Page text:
Economic, environmental and social benefits are prompting a growing number of Australasian and US farmers to adopt precision variable rate irrigation systems.
New Zealand, a country generally known for its ample annual rainfall and phenomenal natural crop growth, is an unlikely origin for a precision irrigation development that’s gaining traction globally. However, light soils and sporadic precipitation in some regions, plus readily available water for irrigation, mean close to 800,000 ha or 6.5% of the country’s farmland is artificially watered.
Originally, much of that was with flood irrigation using border-dykes but, in the drive for water use efficiency and environmental protection, spray irrigation has become the norm, mostly with centre-pivots. . .
Growers get 20,000 plants back after MPI testing clears any risk – Eric Frykberg:
The Ministry for Primary Industries has released about 20,000 apple plants and 400 stone fruit plants which it impounded as a biosecurity risk three months ago.
It has now completed testing of the plants and found no trace of pests or diseases.
As a result they have been freed from all restrictions. . .
MPI slow to pay M bovis compensation – Rachel Kelly:
Some farmers are seeking help from their MP to get compensation claims paid out after their farms have been infected by Mycoplasma bovis.
Clutha-Southland MP Hamish Walker said MPI’s response to compensation claims for M. bovis had improved in recent months, but it still needed to be better.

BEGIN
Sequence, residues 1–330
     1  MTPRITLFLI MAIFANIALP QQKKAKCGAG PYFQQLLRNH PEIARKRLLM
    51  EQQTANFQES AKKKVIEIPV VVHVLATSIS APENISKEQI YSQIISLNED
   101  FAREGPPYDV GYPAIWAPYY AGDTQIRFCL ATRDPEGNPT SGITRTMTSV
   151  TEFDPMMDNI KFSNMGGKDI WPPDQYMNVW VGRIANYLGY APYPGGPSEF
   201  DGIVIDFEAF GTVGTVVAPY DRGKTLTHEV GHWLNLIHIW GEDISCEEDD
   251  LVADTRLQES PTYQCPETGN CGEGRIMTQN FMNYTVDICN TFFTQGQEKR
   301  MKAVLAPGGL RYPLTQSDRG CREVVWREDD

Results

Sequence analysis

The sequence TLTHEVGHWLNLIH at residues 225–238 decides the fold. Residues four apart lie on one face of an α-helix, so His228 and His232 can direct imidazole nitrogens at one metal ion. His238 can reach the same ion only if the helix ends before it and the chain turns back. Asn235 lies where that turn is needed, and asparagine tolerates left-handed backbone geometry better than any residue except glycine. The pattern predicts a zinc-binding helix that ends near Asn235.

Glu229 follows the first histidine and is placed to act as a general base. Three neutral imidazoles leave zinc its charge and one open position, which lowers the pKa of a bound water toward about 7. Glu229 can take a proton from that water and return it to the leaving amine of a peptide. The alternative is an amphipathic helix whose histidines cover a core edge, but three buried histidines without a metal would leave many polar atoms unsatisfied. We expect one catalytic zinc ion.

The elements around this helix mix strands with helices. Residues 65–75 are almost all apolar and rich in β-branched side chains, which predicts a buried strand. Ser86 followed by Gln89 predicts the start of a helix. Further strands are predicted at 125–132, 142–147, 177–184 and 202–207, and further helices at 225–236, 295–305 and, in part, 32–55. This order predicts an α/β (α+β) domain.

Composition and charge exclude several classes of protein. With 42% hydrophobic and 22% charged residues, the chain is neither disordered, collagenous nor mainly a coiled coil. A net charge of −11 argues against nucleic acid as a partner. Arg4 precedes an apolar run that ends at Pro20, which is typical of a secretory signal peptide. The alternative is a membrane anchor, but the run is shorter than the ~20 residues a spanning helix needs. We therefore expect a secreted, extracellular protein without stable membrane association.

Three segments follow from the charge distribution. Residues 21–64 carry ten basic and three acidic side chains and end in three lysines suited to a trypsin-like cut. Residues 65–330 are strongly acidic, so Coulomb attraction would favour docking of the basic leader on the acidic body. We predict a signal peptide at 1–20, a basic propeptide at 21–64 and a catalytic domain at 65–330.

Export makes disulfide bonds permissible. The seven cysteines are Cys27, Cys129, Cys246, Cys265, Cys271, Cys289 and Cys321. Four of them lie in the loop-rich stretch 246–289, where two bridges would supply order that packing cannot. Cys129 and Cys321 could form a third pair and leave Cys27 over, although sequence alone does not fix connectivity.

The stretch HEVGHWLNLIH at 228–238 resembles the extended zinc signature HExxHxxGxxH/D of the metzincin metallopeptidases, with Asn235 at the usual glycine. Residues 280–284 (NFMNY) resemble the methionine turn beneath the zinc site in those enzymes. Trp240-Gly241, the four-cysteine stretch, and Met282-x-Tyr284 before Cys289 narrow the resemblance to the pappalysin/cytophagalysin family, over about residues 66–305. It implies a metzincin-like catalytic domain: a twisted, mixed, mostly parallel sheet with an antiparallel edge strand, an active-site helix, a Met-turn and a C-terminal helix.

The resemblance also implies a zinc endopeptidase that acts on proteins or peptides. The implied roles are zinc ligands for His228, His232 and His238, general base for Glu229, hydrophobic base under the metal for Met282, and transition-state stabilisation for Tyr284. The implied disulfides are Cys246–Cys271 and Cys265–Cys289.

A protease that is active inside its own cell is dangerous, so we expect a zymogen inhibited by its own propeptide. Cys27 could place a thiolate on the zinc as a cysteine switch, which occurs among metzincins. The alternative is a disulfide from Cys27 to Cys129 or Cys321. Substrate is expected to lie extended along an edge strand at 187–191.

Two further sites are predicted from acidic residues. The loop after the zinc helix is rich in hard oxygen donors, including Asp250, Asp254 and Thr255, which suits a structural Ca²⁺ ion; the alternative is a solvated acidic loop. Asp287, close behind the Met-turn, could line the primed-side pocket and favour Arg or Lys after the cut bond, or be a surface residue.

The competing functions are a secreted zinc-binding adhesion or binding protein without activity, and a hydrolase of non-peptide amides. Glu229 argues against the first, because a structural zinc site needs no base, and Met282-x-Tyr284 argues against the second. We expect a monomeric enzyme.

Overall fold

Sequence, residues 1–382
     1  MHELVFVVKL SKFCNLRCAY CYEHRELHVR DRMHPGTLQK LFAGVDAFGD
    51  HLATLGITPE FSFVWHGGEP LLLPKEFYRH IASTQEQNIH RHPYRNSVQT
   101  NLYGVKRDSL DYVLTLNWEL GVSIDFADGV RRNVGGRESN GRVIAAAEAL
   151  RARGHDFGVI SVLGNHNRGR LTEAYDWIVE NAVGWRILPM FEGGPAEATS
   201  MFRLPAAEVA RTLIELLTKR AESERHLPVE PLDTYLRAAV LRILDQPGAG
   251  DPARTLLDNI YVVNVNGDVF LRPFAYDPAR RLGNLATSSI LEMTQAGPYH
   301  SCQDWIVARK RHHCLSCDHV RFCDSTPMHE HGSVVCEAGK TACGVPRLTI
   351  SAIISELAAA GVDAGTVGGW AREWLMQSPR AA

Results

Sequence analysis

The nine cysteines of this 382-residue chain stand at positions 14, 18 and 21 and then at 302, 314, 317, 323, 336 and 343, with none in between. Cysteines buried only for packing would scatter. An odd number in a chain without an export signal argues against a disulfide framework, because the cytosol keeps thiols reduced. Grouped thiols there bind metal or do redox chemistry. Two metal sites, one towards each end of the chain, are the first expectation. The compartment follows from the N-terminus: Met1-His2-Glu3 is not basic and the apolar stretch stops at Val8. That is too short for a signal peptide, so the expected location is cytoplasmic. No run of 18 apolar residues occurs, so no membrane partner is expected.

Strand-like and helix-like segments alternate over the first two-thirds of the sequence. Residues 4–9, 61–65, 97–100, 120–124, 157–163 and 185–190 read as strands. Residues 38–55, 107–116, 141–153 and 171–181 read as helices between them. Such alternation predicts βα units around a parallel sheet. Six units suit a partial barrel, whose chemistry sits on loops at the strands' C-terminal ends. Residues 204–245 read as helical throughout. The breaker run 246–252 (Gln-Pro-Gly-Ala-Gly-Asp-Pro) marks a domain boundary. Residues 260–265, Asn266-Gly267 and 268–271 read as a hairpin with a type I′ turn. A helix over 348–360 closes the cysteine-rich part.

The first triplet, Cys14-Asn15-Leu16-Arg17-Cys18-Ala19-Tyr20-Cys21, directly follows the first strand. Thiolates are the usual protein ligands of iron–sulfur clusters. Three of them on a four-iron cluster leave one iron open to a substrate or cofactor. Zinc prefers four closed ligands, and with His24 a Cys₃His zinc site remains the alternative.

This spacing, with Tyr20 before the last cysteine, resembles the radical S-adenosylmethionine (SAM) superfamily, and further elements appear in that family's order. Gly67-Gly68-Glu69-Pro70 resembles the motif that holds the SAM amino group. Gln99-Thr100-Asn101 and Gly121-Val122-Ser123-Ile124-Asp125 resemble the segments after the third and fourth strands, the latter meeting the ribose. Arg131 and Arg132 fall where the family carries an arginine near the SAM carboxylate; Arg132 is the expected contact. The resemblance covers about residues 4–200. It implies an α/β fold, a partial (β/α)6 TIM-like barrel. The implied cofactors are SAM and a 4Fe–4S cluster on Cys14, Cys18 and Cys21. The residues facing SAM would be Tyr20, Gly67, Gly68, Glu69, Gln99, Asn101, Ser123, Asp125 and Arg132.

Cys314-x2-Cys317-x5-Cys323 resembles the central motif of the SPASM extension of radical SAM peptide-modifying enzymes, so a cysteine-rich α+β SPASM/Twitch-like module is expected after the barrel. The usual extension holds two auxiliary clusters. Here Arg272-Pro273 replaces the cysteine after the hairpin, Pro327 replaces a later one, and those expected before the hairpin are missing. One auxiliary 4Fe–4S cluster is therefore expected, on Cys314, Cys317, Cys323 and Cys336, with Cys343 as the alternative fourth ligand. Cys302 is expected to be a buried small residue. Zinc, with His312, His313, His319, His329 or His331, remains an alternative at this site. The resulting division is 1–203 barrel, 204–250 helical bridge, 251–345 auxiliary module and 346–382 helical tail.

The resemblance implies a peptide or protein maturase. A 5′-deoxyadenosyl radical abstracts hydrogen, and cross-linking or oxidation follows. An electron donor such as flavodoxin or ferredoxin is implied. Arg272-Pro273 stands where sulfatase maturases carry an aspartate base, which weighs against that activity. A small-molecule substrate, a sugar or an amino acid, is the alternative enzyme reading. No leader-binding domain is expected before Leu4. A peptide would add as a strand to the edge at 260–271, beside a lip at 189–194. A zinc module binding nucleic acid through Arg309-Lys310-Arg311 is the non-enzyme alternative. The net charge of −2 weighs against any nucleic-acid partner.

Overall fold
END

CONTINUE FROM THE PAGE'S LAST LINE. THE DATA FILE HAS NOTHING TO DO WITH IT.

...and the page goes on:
The ministry said it was aware that some farmers have found the compensation process difficult, but it was important that each claim was assessed and approved properly. . .
Carbon trees ‘opportunity’ for landowners – Toni Williams:
There is ”renewed opportunity” for landowners to get into carbon trees, Carbon Forest Services managing director Ollie Belton says.
And ”hopefully it will mean more trees (planted) on farms”.
Mr Belton was a guest speaker at a Bayleys Real Estate breakfast meeting attended by sales agents and invited guests at the Hotel Ashburton, in Ashburton, earlier this month. . .
In 2007, the Omapere Rangihamama Trust was broke. A decade later, the Far North Trust won the prestigious Ahuwhenua Māori Excellence in Farming Award for the top sheep and beef farm in Aotearoa.
They continued to decline for the next three decades until a new management team with clear strategies and visions was put in place in 2007. . .
Fonterra’s Chilean farmers threaten to break away – Gerard Hutching:
Disgruntled Chilean dairy farmers have threatened to stop supplying Fonterra because they say they are being underpaid for their milk.
The dairy giant has a 86 per cent ownership stake of processing company Prolesur, but some small farmers in southern Chile who supply it are unhappy with their treatment.
Waikato dairy consultant Mike McBeath, who is chairman of Chilean company Chilterra, said it was looking to combine with about 200 farmers to create a rival co-operative. . .
Fonterra has bred an ‘us versus them’ mentality damaging farmers – Louise Giltrap:
I think it’s about time we got some things cleared up around how people think our dairy giant Fonterra operates.
The statement I love hearing the most is: “But you farmers own Fonterra and you should take back some control!”
And the second one just recently has in response to the grandiose five-star functions held over the last fortnight for select Fonterra staff: “It’s not the farmers’ money they are spending!”
Alrighty, so let’s start at the beginning. All the farmers get a vote and that vote is cast on what is selectively put in front of us to vote on. . .